In a new study, researchers found photodynamic therapy can be an efficient ally to combat secondary infections in COVID-19 patients.
The use of the technique, which combines light and a photosensitizing chemical substance to kill microorganisms in the respiratory tract, can work as a complementary treatment.
The research was conducted by a team at the Optics and Photonics Research Center (CEPOF).
COVID-19 can lead to complications that go beyond the virus, and scientists need to also strive to find treatments for these other problems.
Treating co-infections and secondary infections can improve the prognosis in severe cases, above all for patients who are intubated and face a higher risk of infection by other microorganisms such as the bacteria that cause pneumonia.
In the study, the compounds used in photodynamic therapy interact with light to produce singlet oxygen, a highly reactive oxygen species that kill viruses and bacteria by oxidizing their membranes.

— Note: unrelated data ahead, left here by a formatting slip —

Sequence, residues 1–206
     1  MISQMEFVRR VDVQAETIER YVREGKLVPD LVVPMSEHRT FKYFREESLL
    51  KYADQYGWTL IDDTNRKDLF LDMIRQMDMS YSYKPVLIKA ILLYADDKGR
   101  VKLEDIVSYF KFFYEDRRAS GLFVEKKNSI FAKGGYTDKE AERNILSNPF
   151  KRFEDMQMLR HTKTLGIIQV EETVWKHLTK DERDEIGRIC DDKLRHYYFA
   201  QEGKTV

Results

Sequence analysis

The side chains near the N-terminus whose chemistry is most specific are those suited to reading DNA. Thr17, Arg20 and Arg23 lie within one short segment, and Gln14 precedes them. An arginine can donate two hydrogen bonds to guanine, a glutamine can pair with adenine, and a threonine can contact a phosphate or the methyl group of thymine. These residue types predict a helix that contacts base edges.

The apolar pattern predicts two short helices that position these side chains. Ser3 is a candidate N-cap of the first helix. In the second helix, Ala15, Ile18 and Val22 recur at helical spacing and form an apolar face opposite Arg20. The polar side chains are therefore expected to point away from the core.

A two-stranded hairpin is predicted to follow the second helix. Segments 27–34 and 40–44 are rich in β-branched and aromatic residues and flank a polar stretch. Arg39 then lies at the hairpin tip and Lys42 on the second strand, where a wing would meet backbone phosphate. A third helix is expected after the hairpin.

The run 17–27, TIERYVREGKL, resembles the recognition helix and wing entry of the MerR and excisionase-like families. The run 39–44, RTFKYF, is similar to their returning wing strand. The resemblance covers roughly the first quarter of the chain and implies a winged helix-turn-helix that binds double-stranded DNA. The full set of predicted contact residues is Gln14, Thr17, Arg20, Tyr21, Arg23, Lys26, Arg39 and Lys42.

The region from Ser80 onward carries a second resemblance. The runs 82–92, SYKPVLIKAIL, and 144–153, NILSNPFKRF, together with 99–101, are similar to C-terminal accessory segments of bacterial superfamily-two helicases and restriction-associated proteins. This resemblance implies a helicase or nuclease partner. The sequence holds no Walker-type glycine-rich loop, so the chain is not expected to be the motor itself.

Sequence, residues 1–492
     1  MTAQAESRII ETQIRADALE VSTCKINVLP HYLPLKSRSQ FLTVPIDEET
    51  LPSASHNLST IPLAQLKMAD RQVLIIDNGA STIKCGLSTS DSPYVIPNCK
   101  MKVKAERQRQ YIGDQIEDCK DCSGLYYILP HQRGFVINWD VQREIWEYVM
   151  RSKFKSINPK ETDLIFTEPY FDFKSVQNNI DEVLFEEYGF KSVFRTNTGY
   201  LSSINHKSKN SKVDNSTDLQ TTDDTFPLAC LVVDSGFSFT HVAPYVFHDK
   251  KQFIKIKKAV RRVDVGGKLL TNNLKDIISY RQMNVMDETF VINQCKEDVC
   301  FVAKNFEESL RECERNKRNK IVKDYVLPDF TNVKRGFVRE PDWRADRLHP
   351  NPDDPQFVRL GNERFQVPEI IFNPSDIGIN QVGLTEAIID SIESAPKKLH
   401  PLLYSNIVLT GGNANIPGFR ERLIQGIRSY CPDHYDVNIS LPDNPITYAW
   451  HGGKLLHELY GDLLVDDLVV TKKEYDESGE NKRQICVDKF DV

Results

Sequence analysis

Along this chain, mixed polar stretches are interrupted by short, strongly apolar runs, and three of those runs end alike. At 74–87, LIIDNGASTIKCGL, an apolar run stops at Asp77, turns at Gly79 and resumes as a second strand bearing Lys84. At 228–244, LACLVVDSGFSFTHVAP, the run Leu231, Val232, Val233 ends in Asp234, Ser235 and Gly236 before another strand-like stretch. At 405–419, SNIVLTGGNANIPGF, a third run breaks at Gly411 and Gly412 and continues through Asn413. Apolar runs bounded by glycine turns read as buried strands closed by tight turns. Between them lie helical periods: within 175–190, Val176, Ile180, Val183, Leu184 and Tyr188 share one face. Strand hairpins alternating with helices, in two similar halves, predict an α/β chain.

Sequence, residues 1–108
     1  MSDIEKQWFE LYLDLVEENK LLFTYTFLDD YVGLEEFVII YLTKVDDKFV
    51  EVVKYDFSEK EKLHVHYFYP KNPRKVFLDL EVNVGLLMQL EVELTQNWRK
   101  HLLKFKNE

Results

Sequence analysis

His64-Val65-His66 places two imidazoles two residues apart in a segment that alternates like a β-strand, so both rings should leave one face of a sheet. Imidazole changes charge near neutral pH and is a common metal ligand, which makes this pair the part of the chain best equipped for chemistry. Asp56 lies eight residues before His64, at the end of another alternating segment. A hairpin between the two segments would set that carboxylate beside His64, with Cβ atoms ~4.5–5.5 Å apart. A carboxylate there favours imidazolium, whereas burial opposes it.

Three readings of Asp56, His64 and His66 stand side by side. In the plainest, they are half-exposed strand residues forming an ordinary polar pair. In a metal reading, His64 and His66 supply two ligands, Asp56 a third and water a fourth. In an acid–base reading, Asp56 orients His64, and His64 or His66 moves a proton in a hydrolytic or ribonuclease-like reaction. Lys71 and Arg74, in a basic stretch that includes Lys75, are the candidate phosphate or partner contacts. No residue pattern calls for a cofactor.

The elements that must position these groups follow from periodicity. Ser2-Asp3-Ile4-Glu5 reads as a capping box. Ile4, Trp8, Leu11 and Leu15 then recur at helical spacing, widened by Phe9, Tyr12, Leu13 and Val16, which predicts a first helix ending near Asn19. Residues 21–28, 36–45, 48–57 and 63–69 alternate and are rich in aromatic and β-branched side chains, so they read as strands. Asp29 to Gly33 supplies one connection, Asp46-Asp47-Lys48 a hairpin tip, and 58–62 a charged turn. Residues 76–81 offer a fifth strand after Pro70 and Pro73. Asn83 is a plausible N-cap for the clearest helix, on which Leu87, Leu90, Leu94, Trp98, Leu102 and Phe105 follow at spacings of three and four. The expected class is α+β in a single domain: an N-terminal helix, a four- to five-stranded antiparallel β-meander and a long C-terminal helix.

When the patient inhales these substances, the drug can be activated with extracorporeal light, which then attacks pathogens in the airways.
Photodynamic therapy cannot be used to attack the novel coronavirus SARS-CoV-2 directly since it does not eliminate harmful microorganisms present in the bloodstream (only in the airways).
However, the researchers stress the importance of developing techniques to combat COVID-19 coinfections caused by bacteria and other viruses, avoid the need for intensive medical care, and minimize transmission of the disease to other people.
The team has conducted several studies on the use of photodynamic therapy to treat pneumonia, skin cancer, and other diseases.
The team says it’s quite likely that people who survive COVID-19 may be more prone to respiratory complications such as pneumonia because of the severe inflammation.
Scientists need to develop novel techniques and alternative treatments.
One author of the study is Vanderlei Bagnato.
The study is published in Photodiagnosis and Photodynamic Therapy.
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